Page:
Jul. 10—A DEC forest ranger and expert wildland firefighter is being deployed to assist with efforts to contain the Bootleg Fire in the Fremont-Winema region of Oregon. Nearly every year, New York state deploys its highly trained wildland firefighters to help battle fires in western states, according to state Department of Environmental Conservation (DEC) Commissioner Basil Seggos
"This is DEC's first wildland firefighting deployment after 2020's busy fire season," Seggos said. "As climate change continues to drive wildfires that threaten communities throughout the West, New York State stands ready to assist our fellow states with expertise that our firefighters then bring back home to help with future emergency responses."
The DEC forest ranger will join a crew of federal, state, and local fire agencies battling the Bootleg Fire in Oregon.
In 1979, New York sent its first firefighting crew to assist western states with large wildfires. On average, one or two crews have been sent as needed to assist with wildfires every year since. In addition to helping contain wildfires and minimize damage, these crews gain valuable experience that can be utilized fighting wildfires and managing all-risk incidents in New York.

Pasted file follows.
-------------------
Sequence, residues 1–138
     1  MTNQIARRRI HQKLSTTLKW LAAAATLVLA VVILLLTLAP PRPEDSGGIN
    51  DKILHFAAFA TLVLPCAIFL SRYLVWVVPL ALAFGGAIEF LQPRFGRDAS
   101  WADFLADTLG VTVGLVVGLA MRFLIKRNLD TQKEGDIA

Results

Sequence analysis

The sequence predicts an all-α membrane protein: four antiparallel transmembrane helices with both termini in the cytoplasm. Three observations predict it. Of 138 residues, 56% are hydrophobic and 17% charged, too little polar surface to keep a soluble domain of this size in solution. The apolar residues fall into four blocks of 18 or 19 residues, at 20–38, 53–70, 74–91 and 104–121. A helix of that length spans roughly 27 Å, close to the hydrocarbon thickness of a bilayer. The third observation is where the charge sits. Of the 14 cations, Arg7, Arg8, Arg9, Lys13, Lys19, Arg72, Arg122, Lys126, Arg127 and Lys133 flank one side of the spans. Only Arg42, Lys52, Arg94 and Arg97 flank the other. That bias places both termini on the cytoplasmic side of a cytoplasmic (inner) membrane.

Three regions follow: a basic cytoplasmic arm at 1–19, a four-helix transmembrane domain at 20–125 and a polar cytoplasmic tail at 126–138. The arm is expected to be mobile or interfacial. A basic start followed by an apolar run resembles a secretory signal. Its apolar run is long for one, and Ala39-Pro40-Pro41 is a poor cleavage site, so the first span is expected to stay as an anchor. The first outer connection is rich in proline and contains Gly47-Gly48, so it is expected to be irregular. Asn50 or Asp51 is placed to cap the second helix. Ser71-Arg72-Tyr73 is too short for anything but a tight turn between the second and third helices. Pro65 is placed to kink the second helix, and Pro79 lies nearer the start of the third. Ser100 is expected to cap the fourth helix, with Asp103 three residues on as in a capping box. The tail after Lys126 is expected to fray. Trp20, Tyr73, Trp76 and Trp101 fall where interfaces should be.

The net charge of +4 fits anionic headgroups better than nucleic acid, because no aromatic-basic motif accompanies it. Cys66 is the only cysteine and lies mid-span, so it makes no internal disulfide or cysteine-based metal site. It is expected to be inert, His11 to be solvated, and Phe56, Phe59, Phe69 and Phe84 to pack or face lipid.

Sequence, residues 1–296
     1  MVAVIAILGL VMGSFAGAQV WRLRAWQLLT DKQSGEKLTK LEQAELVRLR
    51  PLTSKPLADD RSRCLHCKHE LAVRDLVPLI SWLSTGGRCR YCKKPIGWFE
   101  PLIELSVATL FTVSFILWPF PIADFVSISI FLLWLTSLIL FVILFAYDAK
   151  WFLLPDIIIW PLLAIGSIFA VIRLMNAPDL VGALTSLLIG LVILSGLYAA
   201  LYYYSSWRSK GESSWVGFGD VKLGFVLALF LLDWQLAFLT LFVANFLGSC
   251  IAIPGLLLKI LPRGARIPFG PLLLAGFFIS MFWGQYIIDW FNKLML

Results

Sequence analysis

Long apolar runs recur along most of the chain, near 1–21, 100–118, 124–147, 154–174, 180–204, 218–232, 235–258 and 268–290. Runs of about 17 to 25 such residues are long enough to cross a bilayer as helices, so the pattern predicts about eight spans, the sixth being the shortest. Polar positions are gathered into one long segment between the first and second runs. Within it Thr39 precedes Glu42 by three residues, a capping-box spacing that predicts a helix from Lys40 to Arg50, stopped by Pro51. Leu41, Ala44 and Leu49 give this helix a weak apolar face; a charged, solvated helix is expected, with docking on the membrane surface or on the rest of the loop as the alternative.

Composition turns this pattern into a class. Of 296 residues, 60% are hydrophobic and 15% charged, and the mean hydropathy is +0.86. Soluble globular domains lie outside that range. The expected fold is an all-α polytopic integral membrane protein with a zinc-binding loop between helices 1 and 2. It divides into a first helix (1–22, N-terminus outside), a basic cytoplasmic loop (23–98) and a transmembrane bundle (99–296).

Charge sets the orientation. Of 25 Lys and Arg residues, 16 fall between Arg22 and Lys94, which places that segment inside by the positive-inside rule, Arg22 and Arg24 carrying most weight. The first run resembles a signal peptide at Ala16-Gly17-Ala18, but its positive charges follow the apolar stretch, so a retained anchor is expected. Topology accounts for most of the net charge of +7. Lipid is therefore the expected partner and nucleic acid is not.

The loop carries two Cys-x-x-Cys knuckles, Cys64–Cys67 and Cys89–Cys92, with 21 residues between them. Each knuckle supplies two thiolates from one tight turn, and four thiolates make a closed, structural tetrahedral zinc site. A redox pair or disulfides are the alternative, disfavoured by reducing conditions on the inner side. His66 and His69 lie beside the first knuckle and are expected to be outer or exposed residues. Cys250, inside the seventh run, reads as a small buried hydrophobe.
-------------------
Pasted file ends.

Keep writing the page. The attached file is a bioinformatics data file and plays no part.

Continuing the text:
In 2020, DEC Forest Rangers led four 10-person wildland firefighting crews to western states to aid in the national wildfire suppression effort. Each crew consisted of a forest ranger crew boss, four additional forest rangers and five volunteer DEC employees with wildland firefighter training. Crews were assigned to a firefighting task for two weeks. In addition, several forest rangers were deployed as incident command specialists to various fires throughout the country, including the record fires in California.
All personnel and travel expenses for the New York crews are either paid directly by the U.S. Forest Service or reimbursed to New York state based on a mutual aid agreement between states and federal land agencies.